• Other disorders: e.g. antibiotic responsive diarrhoea, lymphangectasia, irritable bowel syndrome and cobalamin (Vitamin B12) depletion
  • Extraintestinal disease
    • Pancreatic disease: e.g. pancreatitis and exocrine pancreatic insufficiency
    • Liver disease: e.g. portosystemic shunts and hepatitis
    • Hormonal disease: e.g. hyperthyroidism (cats) and Addison’s disease (dogs)
    • Cardiovascular disease: e.g. heart failure and vascular occlusions

Diagnostic investigation of chronic diarrhoea

The type of tests and the order in which they are selected differs from patient to patient but investigations always start by collecting a thorough history and carrying out a careful clinical examination. Very often these will provide information that dictates what the next steps should be. The following tests are therefore not listed in any particular order.

Blood tests: These are useful for assessing the overall health of a patient and also for detecting or excluding extra-intestinal diseases, such as those listed above. Cobalamin deficiency can also be detected via a blood test.

Faecal analysis: This is particularly useful for detecting infectious disease in young animals, as they are generally more prone to picking up infections. Many infectious agents are only shed intermittently in the faeces and therefore to improve accuracy, faecal samples are sometimes collected on three successive days.

Diagnostic imaging: This often involves some combination of ultrasound, x-rays (radiographs) and /or computed tomography (CT scan). These are useful for detecting partial obstructions, as well as giving information regarding the shape and architecture of abdominal organs, such as the pancreas, liver and the gut itself.

Diet and antibiotic trials: Antibiotic responsive diarrhoea (in dogs) and food intolerances or allergies (in both dogs and cats) are common causes of chronic diarrhoea. There are no blood tests or biopsies that can effectively diagnose any of these disorders. A diagnosis can therefore only be reached by observing their response to specific antibiotics (antibiotic-responsive diarrhoea) and hypoallergenic, or home prepared food (food intolerances and allergies).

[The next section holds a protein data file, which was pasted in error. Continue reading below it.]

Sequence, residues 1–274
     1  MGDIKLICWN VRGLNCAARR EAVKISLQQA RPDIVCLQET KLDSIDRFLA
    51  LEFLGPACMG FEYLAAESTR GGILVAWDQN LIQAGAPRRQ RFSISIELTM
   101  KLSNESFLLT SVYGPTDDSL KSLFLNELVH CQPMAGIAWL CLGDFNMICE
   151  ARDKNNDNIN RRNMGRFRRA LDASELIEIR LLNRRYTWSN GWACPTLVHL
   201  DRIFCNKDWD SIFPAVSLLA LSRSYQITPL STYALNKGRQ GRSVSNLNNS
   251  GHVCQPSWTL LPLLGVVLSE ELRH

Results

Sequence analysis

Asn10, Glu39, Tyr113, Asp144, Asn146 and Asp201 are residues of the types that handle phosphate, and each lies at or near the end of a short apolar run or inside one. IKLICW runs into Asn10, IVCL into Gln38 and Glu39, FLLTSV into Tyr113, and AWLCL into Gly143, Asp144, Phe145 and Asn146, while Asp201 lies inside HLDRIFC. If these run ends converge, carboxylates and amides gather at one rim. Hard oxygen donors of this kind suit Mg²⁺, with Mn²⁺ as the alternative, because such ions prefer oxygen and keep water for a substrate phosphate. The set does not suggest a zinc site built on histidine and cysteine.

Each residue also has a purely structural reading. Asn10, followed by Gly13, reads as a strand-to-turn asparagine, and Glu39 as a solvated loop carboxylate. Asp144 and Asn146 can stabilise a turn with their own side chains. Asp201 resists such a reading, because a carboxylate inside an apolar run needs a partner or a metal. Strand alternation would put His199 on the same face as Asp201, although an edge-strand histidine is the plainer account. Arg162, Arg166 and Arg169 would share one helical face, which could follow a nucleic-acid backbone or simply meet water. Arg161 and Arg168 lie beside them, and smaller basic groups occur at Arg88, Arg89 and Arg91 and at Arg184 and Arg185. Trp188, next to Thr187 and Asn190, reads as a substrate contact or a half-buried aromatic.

Gut biopsies: Occasionally, it is necessary to obtain biopsies of the lining of the gut in order to diagnose what’s going on. There are two ways in which biopsies can be obtained; via surgery or via endoscopy. Endoscopy involves passing a tube containing a light source connected to a video camera into the stomach and intestines. This allows us to directly visualise the lining of the gut and collect tiny biopsies. Although it requires a general anaesthetic to perform, it is otherwise much less invasive than surgery and has a lower risk of complications. However, the gut is very long and endoscopy cannot visualise the mid-portion of the small intestine. There are occasionally some instances where surgery may be a better option. For example, if the vet suspects the problem involves the mid-portion of the small intestine, where there is an obstruction, or where other organs in the abdomen are involved.

If you’re worried about what could be causing your pet’s chronic diarrhoea, book an appointment with your vet. They will assess your pet, and if they think it may be down to something more serious, you can ask them to refer you to us. Discover more about the referrals process here.

Alternatively, for more information about common illnesses, surgery and treatments for dogs and cats, head on over to our blog.

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Let us know if you have any questions, and our client care team are on hand to answer any questions about our practice, the referrals process and what you can expect.